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SNF-6 is an acetylcholine transporter interacting with the dystrophin complex in Caenorhabditis elegans

Naturevolume 430pages891896 (2004) | Download Citation



Muscular dystrophies are among the most common human genetic diseases and are characterized by progressive muscle degeneration. Muscular dystrophies result from genetic defects in components of the dystrophin–glycoprotein complex (DGC), a multimeric complex found in the muscle cell plasma membrane1. The DGC links the intracellular cytoskeleton to the extracellular matrix and is thought to be important for maintaining the mechanical integrity of muscles2 and organizing signalling molecules3. The exact role of the DGC in the pathogenesis of disease has, however, remained uncertain4. Mutations in Caenorhabditis elegans DGC genes lead to specific defects in coordinated movement and can also cause muscle degeneration5,6,7. Here we show that mutations in the gene snf-6 result in phenotypes indistinguishable from those of the DGC mutants, and that snf-6 encodes a novel acetylcholine/choline transporter. SNF-6 mediates the uptake of acetylcholine at neuromuscular junctions during periods of increased synaptic activity. SNF-6 also interacts with the DGC, and mutations in DGC genes cause a loss of SNF-6 at neuromuscular junctions. Improper clearing of acetylcholine and prolonged excitation of muscles might contribute to the pathogenesis of muscular dystrophies.

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We thank J. S. Kim, C. Yu and R. Ho for technical help, J. Rand and C. Bargmann for personal communication and helpful discussions, and all members of the McIntire laboratory for discussions and comments on the manuscript. Some strains were provided by the National Bioresource Project (Japan), the C. elegans Gene Knockout Consortium and the Caenorhabditis Genetics Center. This work was supported by funds provided by the State of California for medical research on alcohol and substance abuse through the University of California, San Francisco, by a grant to S.L.M. from the Department of the Army, by a grant to J.E.R. from NIH and by a development grant to H.K. from the Muscular Dystrophy Association.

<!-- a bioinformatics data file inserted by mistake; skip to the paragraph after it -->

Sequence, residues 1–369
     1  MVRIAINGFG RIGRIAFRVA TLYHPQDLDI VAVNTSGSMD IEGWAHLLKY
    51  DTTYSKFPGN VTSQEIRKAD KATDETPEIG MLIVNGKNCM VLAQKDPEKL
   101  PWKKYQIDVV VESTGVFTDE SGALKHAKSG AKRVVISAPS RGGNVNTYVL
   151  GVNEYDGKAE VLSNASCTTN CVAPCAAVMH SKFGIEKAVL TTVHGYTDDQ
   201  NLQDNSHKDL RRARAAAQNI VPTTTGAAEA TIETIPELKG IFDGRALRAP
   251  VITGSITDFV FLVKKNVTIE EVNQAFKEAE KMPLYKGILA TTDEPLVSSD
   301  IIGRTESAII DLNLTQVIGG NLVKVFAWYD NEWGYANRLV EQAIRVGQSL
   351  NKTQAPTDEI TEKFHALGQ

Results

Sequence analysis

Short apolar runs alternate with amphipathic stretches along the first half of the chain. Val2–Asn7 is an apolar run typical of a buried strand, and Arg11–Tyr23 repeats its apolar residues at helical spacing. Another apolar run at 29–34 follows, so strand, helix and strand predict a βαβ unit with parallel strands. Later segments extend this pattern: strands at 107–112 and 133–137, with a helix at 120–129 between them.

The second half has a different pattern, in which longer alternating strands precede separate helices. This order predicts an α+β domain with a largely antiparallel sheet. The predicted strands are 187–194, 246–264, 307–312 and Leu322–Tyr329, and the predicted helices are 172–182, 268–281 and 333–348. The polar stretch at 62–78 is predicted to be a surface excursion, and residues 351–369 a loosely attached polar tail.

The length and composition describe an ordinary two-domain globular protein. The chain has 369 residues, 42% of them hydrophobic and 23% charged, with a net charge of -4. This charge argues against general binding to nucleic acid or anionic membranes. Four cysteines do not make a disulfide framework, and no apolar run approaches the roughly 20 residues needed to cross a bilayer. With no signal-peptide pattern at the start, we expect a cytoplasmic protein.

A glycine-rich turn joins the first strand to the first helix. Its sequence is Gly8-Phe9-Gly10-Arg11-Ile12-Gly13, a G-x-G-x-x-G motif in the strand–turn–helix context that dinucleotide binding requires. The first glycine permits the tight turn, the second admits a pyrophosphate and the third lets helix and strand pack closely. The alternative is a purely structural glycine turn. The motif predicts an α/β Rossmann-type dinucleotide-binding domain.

Author information


  1. Ernest Gallo Clinic and Research Center, Programs in Neuroscience and Biomedical Sciences, Department of Neurology, University of California at San Francisco, 5858 Horton Street, Suite 200, Emeryville, California, 94608, USA

    • Hongkyun Kim
    • , Matthew J. Rogers
    •  & Steven L. McIntire
  2. Department of Biological Sciences, University of Illinois at Chicago, Chicago, Illinois, 60607, USA

    • Janet E. Richmond


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Competing interests

The authors declare that they have no competing financial interests.

Corresponding author

Correspondence to Steven L. McIntire.

Supplementary information

  1. Supplementary Figure 1

    Expression of STN-1 and SGN-1 in C. elegans muscle in the presence and absence of a snf-6 mutation (PDF 788 kb)

  2. Supplementary Figure Legend (DOC 20 kb)

  3. Supplementary Methods

    Genetic Mapping, RNAi and Rescue. (DOC 19 kb)

  4. Supplementary Table 1

    Characterization of the locomotory behaviour of mutants. (DOC 25 kb)

  5. Supplementary Notes

    We did not observe any uptake of other compounds including a number of neurotransmitters. (DOC 19 kb)

  6. Supplementary Video 1

    This movie was taken immediately after animals were transferred to a new plate. Wild-type N2 animals. (MP4 371 kb)

  7. Supplementary Video 2

    This movie was taken immediately after animals were transferred to a new plate. dys-1 mutants. (MP4 378 kb)

  8. Supplementary Video 3

    This movie was taken immediately after animals were transferred to a new plate. snf-6 mutants. (MP4 372 kb)

  9. Supplementary Video 4

    This movie was taken immediately after animals were transferred to a new plate. snf-6; ace-1 mutants. (MP4 369 kb)

  10. Supplementary Video 5

    Wild-type N2 movie before and after touch. (MP4 709 kb)

  11. Supplementary Video 6

    snf-6 mutant movie before and after touch. (MP4 507 kb)

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